HealthCare.gov tries to make 907 pages of legislation user-friendly
Health-care reform may have been signed into law four months ago, but in this day and age you don't really exist until you've got your own website.
Obamacare now has a digital home in HealthCare.gov, an Internet destination designed by the U.S. Health & Human Services Dept. to help consumers navigate the health overhaul signed into law by President Barack Obama in March. In book form, the legislation fills up a hefty 907 pages.
The site, launched on July 1, offers a detailed breakdown of the law, as might be expected. It also has an insurance plan finder, a Twitter feed to distribute information on policy changes, and videos of senior citizens, pregnant women, and others explain- ing the law's benefits, at least from the Obama Administration's point of view.
In the past, Republicans in Congress have criticized the Administration for using official government channels to promote what they see as propaganda. Michigan Representative Dave Camp, the House Ways & Means Committee's top Republican, in May called an Administration mailing on Medicare changes "blatantly political." So far, though, the new website has gotten a pass. Todd Park, chief technology officer at HHS, says the site's only purpose is "to help consumers take health care into their own hands." It's the first resource, he says, that brings together insurance options for individuals and small businesses and integrates public and private programs.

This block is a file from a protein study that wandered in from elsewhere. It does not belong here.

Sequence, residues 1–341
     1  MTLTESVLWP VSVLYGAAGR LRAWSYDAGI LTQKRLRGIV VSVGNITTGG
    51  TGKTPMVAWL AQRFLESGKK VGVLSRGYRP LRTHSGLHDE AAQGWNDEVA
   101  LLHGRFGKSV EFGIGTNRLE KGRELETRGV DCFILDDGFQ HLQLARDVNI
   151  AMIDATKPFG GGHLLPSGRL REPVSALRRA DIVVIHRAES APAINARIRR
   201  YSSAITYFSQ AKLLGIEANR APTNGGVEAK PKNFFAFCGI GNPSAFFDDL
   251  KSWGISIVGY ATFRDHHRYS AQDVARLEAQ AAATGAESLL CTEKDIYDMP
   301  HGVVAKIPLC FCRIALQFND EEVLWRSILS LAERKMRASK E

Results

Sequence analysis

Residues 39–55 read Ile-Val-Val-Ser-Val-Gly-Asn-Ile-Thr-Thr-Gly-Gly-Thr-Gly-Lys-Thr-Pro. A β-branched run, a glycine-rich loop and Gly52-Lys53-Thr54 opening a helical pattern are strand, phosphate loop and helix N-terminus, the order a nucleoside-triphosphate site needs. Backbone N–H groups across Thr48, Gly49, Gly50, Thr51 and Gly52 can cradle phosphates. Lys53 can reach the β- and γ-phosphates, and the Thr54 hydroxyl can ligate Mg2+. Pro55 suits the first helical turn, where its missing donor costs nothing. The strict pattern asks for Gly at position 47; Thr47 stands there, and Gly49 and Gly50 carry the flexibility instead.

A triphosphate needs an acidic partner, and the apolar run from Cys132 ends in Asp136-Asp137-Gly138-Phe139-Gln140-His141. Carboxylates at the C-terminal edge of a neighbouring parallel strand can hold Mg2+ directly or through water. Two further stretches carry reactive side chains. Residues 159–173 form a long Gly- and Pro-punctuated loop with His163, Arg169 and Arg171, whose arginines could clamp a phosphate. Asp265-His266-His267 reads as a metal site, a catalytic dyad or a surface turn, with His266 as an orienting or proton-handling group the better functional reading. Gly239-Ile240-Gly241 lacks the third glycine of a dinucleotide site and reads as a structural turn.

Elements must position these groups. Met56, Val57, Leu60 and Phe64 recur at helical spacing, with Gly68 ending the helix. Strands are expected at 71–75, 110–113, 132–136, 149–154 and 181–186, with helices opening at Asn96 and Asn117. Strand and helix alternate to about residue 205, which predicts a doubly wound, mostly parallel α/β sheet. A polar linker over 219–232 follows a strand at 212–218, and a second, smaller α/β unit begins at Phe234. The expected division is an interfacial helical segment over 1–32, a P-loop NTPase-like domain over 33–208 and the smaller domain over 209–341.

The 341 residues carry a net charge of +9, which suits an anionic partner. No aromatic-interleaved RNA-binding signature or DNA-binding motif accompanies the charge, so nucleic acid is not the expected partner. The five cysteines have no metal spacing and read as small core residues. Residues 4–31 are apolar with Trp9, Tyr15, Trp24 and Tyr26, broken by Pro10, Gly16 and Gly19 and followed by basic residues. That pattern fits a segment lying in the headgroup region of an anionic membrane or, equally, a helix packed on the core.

The site aims not just to blast information at users but to help them make sense of a topic that only seems to grow more complicated. "I think this is going to be an extraordinarily helpful tool," says Ron Pollack, executive director of Washington-based consumer group Families USA, which supported passage of the health overhaul. In the "What's Changing—and When" section, users can click through a timeline to find out when different pieces of the legislation take effect. A section on "Strengthening Medicare" explains changes to that program, such as a $350 million antifraud effort, in a simple-to-understand manner. And, says Pollack, "it'll be the first time in any single place you can find all of the different kinds of insurance coverage that are available to you."
At least that's the aim; some parts still aren't complete. The function to help people find insurance coverage, for instance, lists the companies that have policies to offer but says prices won't be available until Oct. 1. "We started building the site 90 days ago," Park says, calling the current version "just the beginning."
The new website could be a dry run for 2014, when the government will begin supporting insurance "exchanges" that actually sell health coverage, suggests Alec Vachon, a Washington-based health-care consultant and a former Republican Senate aide. "This is health exchange zero-point-five."
The bottom line: The new HealthCare.gov site aims to help citizens navigate health-care reform, but it's still missing some key information.